Canon USA and Pierce Media Arts equipment thefts linked

Missing Pierce College Media Arts Department equipment was found in a student’s possession while police investigated a Canon facility theft, a faculty member said.

A Canon U.S.A., Inc. theft investigation, led by the Los Angeles Police Department, resulted in the arrest and conviction of Pierce College student Mickola Lucian van Reingold.

District Attorney Media Relations Spokesperson Ricardo Santiago said the theft was reported by Canon U.S.A., Inc. on Oct. 15, 2016, following a student photojournalism seminar in its facilities on Sunset Boulevard.

According to the Los Angeles Inmate Information Center, van Reingold was arrested and booked by the LAPD Hollywood Division on April 11, 2017. The official charges were filed, and van Reingold was released on $5000 bail on April 13, 2017.

Media Arts Department Chair Jill Connelly said Los Angeles Sheriff’s Deputy Al Guerrero, liaison to the LAPD, informed her that Pierce College Media Arts equipment was recovered from the suspect’s residence by police.

van Reingold declined to comment.

Pierce College Deputy Sheriff Lazaro Sanchez said a report was filed, and camera equipment went missing from the Media Arts Department, but declined to disclose any further details about the incident report.

Sean McDonald, assistant adjunct professor and instructional assistant of photography, works closely with the Pierce College Media Arts equipment. He said there were two incidents of theft within the department.

McDonald said two Canon digital camera bodies with kit lenses, a macro lense, camera bag and accessories, such as battery and charger, also went missing. He said the approximate replacement value of the stolen property is $6000.

The initial theft occurred within the same time frame as the Canon U.S.A., Inc theft.

The first theft became apparent to McDonald after he returned from Thanksgiving break in fall 2016. He recalled “suspicious activity” the week prior to break.

McDonald said he remembered a student wandering into the studio, an area not accessible to students.

McDonald said the second theft occurred in spring 2017, during a break for his evening classes. He noticed that a camera “disappeared” after setting it down on a table.

“I was just floored that it happened and that nobody else in the class saw it. There was a class of about 25 students, and not one student noticed that the camera walked out of here that night,” McDonald said.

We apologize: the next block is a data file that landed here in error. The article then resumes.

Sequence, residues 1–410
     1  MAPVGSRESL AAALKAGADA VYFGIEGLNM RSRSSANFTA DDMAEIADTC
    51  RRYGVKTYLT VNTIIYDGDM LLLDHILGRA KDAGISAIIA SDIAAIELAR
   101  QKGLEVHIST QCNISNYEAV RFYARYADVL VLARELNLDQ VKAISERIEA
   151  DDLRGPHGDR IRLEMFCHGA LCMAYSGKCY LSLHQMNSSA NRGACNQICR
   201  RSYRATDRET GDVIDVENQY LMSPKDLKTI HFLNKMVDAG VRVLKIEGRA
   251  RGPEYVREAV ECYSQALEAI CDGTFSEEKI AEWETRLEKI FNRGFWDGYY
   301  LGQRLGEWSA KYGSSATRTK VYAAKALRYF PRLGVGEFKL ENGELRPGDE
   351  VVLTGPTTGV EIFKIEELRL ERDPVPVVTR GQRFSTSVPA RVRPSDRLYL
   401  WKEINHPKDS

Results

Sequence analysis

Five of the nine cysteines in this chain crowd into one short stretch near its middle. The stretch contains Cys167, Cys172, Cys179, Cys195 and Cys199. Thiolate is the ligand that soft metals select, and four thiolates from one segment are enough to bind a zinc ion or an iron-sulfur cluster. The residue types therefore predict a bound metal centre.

Two weeks following the theft, McDonald said he was informed that Pierce College tags were found on equipment that was retrieved from an unrelated Pierce College theft.

“We heard rumour from the LAPD that they did recover camera equipment with our name on it,” McDonald said.

McDonald said the Media Arts Department has taken the necessary precautions moving forward to ensure that gear is safe from potential thefts.

“Everything is locked up constantly,” McDonald said. “I’ve been running the cameras a little bit more often to see what’s going on in the space. We’ve been paying attention to people walking around, and I do have student workers here a lot more than I did that last semester.”

McDonald said the equipment is accessible to students with financial difficulties.

“A lot of our equipment is funded through grants or college funds,” McDonald said. “There are always have and have nots, and even in community college you have students who have equipment, who have all the stuff they need and some students who don’t.”

McDonald said the equipment helps students learn and succeed.

“There’s a really good sports shooter right now on the newspaper,” McDonald said. “If that lens that the sports shooter is using right now had been stolen last year, that student would not be learning how to be a better sports shooter, and that right there is why we have the equipment where we can give you the opportunity to use a piece of equipment that you cannot maybe afford, and then you can have a portfolio and that can help you get to school or get a job because you’ve used good equipment.”

McDonald said the thefts “makes us more suspicious of students,” but “it’s very rare” for equipment to go missing or unreturned by students due to the procedure that is required to check out equipment.

“We have a good record of what’s going on and who has what,” McDonald said. “The students fill out a form that basically gives them the rules on what they can and can’t do. On the back of the form we photocopy their I.D. so we know who they are, and then they have to be enrolled in a class, and the equipment they take out has to be related to the class they are taking.”

Santiago said van Reingold was initially charged with a felony for the Canon U.S.A., Inc. theft, but the original complaint was amended after he plead to a misdemeanor as part of the negotiated plea.

He said van Reingold plead to one misdemeanor count of grand theft and was sentenced with three years summary probation and 250 hours of community service on October 26, 2017. van Reingold entered a no contest plea to the charges, and the case concerning the Canon U.S.A., Inc. theft is now complete, according to DA Media Relations records.

The Pierce College Media Arts equipment case is still under investigation and the missing equipment has not yet been returned by police.

*Correction: The article has been corrected to accurately reflect the spelling of van Reingold